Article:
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I recently learned that when merging two branches in git, if there are changes on two adjacent lines git declares this a conflict. For example, if file test.txt has this content:

Line 1: A
Line 2: B
Line 3: C
Line 4: D

and in branch master we change this to

Line 1: A
Line 2: B1
Line 3: C
Line 4: D

while in branch testing we change this to

Line 1: A
Line 2: B
Line 3: C1
Line 4: D

and then attempt to merge testing into master, git declares a merge conflict. My naive expectation was that the merge would happen without conflict and yield this:

Line 1: A
Line 2: B1
Line 3: C1
Line 4: D

I am sure there is a good reason why git doesn't merge this way. Can someone explain this reason?

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Hey I just noticed this last week too. Maybe we were doing the same tutorial. –  detly Apr 12 '13 at 22:56
1  
git's merging abilities are actually quite poor, IMO –  James Apr 13 '13 at 13:40
    
@James have you tried using the patience algorithm? I find I get better results with it, in particular when dealing with where hunks are split (e.g. grabbing one function body instead of two). If you don't like git's, you can also use your own (see blog.wuwon.id.au/2010/09/… for an example). –  deterb May 6 '13 at 18:58
    
The root cause is that git tries to do the merge itself, instead of factoring it out to a specialized tool. Entirely not the Unix philosophy. For source files, you can actually use the language grammar to reliably determine diffs. –  MSalters Sep 9 '13 at 13:30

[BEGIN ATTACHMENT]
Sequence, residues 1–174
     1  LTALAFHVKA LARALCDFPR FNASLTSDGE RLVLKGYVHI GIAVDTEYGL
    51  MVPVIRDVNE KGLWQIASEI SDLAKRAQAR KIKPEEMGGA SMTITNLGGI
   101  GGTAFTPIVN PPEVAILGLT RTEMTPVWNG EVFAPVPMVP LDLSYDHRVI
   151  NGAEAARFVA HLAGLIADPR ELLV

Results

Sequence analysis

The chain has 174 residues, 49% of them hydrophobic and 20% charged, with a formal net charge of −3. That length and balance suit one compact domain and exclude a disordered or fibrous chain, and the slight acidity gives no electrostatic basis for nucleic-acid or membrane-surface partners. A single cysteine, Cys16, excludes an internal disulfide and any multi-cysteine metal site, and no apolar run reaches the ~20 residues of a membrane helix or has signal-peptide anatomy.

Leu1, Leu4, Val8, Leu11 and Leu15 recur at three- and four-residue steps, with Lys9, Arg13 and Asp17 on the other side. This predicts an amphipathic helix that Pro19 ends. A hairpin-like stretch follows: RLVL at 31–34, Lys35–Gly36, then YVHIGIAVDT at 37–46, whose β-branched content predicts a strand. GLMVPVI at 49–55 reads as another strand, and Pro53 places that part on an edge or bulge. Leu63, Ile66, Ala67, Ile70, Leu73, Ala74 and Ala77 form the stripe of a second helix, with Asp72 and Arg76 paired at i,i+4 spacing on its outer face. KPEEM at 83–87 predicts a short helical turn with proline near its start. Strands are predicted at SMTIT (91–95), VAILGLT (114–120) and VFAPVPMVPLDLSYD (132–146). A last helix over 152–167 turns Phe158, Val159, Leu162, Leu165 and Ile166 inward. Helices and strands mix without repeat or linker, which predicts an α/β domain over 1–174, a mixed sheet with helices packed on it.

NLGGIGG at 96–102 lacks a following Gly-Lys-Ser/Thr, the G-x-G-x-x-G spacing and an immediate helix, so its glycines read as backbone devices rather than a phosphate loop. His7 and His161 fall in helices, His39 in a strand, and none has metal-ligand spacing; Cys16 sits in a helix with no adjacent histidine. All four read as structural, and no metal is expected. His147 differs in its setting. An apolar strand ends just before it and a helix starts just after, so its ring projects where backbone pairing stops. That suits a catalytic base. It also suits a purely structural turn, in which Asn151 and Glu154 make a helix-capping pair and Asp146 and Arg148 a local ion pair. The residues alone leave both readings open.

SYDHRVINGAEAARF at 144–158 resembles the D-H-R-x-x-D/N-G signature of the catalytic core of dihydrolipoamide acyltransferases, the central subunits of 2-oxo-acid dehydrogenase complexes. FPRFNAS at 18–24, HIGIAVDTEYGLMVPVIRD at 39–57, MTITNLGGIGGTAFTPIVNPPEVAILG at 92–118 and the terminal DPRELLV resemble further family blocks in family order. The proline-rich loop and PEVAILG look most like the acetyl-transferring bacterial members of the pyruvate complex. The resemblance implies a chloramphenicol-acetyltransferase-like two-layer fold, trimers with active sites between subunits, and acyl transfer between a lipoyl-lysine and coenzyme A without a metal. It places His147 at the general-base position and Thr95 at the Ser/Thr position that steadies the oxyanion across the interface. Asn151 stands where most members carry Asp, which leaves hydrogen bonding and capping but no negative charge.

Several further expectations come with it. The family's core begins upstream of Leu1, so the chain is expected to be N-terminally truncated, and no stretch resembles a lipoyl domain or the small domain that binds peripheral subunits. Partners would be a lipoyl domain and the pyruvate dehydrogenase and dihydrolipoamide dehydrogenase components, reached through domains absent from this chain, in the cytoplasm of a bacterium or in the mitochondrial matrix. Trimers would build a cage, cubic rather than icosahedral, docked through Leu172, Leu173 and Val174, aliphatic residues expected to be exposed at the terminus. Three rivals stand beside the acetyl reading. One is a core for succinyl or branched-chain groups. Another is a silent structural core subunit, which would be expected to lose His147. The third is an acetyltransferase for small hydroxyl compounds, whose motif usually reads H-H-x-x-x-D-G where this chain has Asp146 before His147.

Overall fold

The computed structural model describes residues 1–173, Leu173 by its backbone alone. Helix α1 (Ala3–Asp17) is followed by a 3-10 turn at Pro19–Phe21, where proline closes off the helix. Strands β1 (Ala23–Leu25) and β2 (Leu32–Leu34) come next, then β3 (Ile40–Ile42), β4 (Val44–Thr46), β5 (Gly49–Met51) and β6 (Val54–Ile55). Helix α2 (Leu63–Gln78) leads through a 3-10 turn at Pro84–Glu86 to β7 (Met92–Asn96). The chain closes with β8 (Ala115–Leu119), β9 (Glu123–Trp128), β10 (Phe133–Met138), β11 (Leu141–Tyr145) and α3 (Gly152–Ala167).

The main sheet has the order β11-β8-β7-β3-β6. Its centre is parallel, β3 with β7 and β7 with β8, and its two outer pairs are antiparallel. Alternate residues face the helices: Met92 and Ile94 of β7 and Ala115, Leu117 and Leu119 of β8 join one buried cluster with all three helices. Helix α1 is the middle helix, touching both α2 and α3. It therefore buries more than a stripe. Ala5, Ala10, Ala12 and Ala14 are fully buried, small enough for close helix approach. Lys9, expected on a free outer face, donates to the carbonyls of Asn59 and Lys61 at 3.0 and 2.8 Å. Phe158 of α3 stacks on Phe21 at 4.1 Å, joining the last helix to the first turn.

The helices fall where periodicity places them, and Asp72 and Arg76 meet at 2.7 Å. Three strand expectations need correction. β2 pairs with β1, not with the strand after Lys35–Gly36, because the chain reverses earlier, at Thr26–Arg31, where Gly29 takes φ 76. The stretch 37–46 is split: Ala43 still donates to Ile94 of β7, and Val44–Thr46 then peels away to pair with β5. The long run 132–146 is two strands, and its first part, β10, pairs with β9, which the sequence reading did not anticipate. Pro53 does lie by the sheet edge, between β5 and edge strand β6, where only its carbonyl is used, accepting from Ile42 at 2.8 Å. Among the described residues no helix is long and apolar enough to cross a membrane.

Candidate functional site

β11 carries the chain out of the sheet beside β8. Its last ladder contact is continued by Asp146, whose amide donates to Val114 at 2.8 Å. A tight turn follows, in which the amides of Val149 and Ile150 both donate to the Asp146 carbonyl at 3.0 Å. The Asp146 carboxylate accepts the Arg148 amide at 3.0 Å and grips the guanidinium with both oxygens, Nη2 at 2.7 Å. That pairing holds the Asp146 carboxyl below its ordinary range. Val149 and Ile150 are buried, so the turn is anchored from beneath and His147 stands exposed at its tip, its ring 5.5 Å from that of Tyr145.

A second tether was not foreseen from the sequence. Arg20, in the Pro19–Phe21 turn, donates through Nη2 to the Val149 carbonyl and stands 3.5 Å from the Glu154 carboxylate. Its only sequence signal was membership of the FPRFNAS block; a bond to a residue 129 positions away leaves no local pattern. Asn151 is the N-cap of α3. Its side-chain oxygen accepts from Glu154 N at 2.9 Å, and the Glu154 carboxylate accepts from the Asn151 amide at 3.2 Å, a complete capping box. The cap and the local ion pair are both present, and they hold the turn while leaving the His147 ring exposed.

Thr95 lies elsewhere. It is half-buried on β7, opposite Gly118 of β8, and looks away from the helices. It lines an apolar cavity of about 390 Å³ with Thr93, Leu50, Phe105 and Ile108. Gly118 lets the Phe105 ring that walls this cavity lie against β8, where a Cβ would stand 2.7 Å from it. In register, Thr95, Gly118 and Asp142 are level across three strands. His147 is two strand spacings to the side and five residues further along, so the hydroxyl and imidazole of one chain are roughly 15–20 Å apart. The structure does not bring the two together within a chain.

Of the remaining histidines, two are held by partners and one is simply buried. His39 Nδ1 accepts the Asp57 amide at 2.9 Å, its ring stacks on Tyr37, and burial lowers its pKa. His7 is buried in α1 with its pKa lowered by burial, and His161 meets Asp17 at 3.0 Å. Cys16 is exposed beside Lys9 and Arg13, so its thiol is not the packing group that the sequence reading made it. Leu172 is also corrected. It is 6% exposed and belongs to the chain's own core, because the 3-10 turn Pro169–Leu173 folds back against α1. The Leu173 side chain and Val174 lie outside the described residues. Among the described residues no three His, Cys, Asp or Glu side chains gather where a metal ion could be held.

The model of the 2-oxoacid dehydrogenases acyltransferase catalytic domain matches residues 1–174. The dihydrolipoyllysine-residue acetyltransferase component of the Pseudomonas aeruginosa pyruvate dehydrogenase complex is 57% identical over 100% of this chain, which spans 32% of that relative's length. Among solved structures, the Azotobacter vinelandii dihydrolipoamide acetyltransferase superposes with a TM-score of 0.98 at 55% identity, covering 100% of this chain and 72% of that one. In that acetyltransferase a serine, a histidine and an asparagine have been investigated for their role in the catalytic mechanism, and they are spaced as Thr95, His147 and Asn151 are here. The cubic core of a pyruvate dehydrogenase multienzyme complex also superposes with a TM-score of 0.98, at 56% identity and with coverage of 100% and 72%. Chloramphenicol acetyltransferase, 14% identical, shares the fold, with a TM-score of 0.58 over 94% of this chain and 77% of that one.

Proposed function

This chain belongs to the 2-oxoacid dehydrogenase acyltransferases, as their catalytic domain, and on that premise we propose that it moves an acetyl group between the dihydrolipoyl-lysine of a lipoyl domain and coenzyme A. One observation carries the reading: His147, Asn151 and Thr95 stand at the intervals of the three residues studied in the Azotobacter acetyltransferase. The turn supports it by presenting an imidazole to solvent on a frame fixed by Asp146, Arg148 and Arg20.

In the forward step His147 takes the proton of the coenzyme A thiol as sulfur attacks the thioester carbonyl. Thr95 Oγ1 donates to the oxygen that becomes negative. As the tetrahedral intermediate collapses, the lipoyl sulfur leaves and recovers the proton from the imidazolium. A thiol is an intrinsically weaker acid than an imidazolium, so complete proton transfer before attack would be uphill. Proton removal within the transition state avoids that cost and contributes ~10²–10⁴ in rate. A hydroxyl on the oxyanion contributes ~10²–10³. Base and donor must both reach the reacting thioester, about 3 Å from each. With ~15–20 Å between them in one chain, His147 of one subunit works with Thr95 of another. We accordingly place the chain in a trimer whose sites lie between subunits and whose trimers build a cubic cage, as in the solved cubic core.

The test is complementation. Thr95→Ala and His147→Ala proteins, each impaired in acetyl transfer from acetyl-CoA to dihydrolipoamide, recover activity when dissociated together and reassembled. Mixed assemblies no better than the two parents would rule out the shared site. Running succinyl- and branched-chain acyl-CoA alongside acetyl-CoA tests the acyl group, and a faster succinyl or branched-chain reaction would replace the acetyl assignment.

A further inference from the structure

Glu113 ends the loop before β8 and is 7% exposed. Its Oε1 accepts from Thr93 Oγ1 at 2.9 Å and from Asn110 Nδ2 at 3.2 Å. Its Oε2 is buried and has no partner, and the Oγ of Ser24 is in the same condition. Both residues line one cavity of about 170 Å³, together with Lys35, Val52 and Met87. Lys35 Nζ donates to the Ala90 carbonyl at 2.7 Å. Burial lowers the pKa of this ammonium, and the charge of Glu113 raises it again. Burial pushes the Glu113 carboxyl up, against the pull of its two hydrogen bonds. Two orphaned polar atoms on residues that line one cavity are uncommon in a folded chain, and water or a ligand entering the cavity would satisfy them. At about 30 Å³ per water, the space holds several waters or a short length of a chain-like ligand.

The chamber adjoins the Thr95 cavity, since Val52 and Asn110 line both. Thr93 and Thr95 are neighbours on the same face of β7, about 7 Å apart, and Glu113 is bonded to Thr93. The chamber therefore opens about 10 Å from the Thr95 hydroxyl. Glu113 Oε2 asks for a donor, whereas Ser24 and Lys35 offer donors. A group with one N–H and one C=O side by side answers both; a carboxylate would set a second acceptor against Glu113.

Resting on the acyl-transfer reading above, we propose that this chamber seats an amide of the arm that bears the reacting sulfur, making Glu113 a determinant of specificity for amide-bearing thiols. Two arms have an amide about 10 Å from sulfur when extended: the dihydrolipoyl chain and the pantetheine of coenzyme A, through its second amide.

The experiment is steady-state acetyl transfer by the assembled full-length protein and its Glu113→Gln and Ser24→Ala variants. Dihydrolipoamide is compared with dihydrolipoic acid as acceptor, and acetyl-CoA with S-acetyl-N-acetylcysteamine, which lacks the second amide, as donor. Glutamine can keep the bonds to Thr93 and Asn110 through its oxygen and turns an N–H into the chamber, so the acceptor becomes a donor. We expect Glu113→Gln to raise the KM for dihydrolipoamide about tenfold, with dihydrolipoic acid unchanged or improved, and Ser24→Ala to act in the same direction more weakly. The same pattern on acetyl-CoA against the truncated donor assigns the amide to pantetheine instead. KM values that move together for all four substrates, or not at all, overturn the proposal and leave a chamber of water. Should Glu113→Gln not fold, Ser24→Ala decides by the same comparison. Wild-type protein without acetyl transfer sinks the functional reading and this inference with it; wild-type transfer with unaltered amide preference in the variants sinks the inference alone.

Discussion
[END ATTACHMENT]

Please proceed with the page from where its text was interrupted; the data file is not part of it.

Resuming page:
2 Answers 2

Assuming that this snippet of code

x=0
x+=1 if foo
x+=1 if bar
return x

has been changed in one branch into this

x=0
x+=1 if foo && xyzzy
x+=1 if bar
return x

and in another branch into this

x=0
x+=1 if foo
x+=1 if bar && xyzzy
return x

then I would not want git to merge it into this

x=0
x+=1 if foo && xyzzy
x+=1 if bar && xyzzy
return x

without alarming me.

This example is trivial, but when merging huge branches the risk of similar "logical" conflicts is much bigger. Sometimes I would even love the context to be even bigger than it currently is.

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I'm mostly guessing, but I think it has to do with line 2 being used as context for the line 3 change.

Git can't just say that "The line with C became a line with C1" because there could be another line with "C", so it says "The line with C, that's right after the start of the file, the line with A, and the line with B, is now C1"

If "the line with B" is no longer there, then some of the context is lost, and git can only tell roughly where the new line has to go.

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2  
its also very likely that C depends on B, so a naive merge may be troublesome even if git "knows how" to do it –  Buttons Apr 13 '13 at 12:53

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